Ms. Klein: The Woman, the Myth, the Legend


Klein in another scene from the 2022 Fly Day promotional video that celebrated this year’s retirees. Via @charlottelatinschool Instagram

Written By Mia Zottoli

With 25 years of experience under her belt at Charlotte Latin School, Ms. Maria Klein has made an indelible impression on every person who has had the pleasure of working with her or being taught by her. As a faculty advisor for the Mosaic club, a co-founder of the Honors American Studies Course (aka AmStud), and a pioneer for diversity, equity, and inclusion throughout her time here at Latin, Klein has helped Charlotte Latin’s community grow through her endless support of student voices. There is no doubt that Klein’s students will embrace the advice she has given them throughout the rest of their lives because Klein not only teaches her students to become better academic learners, but she also encourages them to grow as people and become better members of their communities. As she nears the end of her final year as a renowned English teacher at Charlotte Latin School, Klein reflected on her past experiences, all the way from before Latin to the legacy she wishes to leave behind at this school.

A collection of words students and faculty used to describe Klein.
Graphic made with Free Word Cloud Generator

 Klein began her career in education in the Bay Area after working as a wood carver, and “being a beach bum,” in her words. She found herself constantly gravitating towards books, and after her wood-carving career, she got a job in a bookstore. Klein commented that this experience led her to begin thinking about teaching. “​​No matter where I ended up, what I always ended up doing was talking to people about books. And somebody said to me, more than one person said to me: you really ought to be an English teacher.” At first, she was hesitant because of her past experiences in school. “See, I always hated school, and probably most of my teachers hated me. And I was always in trouble. Being a teacher was never on my radar,” Klein said. However, eventually she went back to San Francisco State to get her teaching credential, and shortly thereafter began teaching English as a second language in a San Francisco public school. After that, she taught at Menlo (the haunted school, as her AmStud classes know) and then Santa Catalina School for Girls in Monterey (the one with the renegade nuns, according to Klein).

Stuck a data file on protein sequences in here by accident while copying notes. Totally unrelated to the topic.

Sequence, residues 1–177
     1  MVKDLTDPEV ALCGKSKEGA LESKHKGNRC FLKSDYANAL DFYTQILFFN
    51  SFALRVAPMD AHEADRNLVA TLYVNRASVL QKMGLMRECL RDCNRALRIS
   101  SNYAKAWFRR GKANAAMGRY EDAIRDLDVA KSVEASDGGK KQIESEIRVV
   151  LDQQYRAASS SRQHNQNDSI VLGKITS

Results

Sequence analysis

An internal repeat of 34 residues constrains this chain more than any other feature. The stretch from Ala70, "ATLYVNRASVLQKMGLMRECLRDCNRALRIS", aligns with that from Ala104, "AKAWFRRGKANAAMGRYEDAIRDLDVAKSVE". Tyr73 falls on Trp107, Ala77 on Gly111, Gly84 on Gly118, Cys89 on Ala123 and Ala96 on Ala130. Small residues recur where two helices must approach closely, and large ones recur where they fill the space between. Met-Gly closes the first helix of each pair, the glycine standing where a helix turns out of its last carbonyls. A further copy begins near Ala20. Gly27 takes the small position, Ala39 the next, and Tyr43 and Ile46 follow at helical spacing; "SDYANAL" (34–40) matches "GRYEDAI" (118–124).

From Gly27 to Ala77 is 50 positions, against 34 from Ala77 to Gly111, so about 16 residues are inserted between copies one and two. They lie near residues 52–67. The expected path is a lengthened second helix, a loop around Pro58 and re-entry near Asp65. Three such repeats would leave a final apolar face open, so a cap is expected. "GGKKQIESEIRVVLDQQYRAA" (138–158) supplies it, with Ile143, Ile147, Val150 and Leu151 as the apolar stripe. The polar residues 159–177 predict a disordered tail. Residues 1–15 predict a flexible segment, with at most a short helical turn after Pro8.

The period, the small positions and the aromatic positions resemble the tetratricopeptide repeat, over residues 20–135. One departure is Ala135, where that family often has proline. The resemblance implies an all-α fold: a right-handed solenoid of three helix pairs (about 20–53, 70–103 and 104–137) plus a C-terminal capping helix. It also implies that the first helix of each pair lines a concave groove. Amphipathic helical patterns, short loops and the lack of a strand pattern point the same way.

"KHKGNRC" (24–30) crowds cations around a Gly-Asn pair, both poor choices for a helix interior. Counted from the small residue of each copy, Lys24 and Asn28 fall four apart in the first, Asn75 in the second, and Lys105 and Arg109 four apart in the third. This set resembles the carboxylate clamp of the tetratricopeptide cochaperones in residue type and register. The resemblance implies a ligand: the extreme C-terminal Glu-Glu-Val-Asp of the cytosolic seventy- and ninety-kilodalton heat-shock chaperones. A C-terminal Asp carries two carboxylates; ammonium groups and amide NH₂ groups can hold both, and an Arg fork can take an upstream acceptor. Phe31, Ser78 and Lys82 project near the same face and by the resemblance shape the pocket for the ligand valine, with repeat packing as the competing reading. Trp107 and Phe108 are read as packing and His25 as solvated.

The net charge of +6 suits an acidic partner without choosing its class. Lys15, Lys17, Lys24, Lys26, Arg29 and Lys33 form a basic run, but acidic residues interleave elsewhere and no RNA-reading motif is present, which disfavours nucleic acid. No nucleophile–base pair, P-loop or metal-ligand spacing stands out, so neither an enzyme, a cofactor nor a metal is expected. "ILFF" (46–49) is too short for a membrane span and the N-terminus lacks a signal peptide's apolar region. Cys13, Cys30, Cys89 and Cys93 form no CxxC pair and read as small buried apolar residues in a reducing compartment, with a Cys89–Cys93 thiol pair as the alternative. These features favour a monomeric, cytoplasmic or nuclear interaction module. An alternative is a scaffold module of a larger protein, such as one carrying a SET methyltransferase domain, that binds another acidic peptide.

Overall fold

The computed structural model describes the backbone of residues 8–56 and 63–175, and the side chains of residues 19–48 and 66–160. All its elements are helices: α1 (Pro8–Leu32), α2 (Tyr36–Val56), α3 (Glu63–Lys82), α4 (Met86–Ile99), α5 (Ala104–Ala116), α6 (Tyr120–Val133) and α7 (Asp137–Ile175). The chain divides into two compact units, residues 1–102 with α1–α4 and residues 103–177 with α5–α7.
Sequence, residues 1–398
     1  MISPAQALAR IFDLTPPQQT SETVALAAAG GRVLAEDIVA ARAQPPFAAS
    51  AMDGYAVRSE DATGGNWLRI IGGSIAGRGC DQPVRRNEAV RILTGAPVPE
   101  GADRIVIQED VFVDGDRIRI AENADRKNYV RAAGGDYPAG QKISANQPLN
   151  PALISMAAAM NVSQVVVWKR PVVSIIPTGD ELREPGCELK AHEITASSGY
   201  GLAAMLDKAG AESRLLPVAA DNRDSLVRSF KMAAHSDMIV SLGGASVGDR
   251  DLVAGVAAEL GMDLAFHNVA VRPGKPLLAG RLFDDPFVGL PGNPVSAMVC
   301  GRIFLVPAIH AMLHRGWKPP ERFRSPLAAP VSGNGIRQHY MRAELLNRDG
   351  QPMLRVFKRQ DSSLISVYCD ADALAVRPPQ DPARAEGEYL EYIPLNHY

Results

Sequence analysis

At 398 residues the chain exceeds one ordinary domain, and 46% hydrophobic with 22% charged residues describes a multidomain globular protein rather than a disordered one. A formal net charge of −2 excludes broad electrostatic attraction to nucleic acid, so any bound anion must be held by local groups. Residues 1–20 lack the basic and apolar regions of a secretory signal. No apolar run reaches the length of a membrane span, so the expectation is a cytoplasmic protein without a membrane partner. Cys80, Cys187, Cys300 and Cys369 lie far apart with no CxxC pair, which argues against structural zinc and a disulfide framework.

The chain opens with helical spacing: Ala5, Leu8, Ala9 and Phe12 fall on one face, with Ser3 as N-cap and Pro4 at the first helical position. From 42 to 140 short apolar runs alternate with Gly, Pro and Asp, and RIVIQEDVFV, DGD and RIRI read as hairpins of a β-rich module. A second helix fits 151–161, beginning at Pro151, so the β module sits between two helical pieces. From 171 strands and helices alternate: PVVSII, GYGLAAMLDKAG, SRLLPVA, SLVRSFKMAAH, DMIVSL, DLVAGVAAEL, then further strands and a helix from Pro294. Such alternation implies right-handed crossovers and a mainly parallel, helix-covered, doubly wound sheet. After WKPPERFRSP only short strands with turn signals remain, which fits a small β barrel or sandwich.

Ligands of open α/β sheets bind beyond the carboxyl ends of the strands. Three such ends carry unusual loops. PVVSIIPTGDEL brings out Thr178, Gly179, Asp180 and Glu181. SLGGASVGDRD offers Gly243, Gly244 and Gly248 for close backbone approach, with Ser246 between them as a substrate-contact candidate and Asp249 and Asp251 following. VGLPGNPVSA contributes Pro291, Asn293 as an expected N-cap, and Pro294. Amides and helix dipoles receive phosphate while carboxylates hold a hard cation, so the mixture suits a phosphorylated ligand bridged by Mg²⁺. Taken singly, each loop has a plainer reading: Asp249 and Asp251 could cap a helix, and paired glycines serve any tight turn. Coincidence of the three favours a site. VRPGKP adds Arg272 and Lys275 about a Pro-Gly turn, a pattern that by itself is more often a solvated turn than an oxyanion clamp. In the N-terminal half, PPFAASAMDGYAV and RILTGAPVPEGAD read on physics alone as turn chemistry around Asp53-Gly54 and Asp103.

Klein participating in Charlotte Latin’s Fly Day video celebrating retiring faculty this year. Photo via @charlottelatinschool Instagram

She taught at a few other schools after that, including one where she met Clint Eastwood and Paul Anka because their kids went to the school, and then she took some time off when her daughters, Sabina and Sana, were little. During this time, she began doing textbook writing. “It made a whole lot more money than you make teaching but I really hated it,” Klein said. Once she had written the Alps P2400C printer user’s manual, she knew the career wasn’t sustainable for her. She said, “I wouldn’t answer the phone. Because I was afraid it was a client that had a project for me. And my husband finally said, Ria, maybe this isn’t a job for you. Because you can make a whole lot more money, but not if you don’t take the job.” After that, she ended up teaching students that just came out of ESL programs at West Valley Community College, and she loved it. “Sometimes I felt like it was in a TV show, because they had so many amazing stories,” she said. And then, she got a divorce, moved across the entire country, and ended up at Charlotte Latin School, where unbeknownst to her at the time, she would stay for 25 years.